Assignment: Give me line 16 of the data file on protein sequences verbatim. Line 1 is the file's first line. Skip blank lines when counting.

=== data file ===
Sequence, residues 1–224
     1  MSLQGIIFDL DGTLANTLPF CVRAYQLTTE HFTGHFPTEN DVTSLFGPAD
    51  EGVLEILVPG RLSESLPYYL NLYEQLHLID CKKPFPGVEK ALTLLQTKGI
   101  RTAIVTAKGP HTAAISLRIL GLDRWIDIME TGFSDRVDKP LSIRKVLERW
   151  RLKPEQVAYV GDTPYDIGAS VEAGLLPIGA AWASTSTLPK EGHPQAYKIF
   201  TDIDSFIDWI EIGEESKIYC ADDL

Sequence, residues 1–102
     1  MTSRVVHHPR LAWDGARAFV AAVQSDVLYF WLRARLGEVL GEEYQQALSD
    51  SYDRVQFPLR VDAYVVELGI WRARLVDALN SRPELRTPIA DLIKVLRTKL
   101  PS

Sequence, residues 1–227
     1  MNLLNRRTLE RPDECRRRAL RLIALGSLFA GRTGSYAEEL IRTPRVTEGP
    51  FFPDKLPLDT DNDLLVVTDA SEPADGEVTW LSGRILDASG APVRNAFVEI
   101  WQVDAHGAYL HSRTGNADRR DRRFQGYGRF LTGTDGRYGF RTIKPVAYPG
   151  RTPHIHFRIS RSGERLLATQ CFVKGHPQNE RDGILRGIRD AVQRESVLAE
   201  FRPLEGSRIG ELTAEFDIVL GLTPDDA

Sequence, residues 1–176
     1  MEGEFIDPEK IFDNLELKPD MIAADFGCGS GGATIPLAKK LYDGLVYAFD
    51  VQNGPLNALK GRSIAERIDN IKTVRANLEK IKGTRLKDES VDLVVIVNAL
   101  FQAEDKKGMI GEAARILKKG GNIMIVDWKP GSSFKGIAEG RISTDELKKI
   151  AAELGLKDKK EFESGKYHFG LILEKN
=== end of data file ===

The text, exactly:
   201  FRPLEGSRIG ELTAEFDIVL GLTPDDA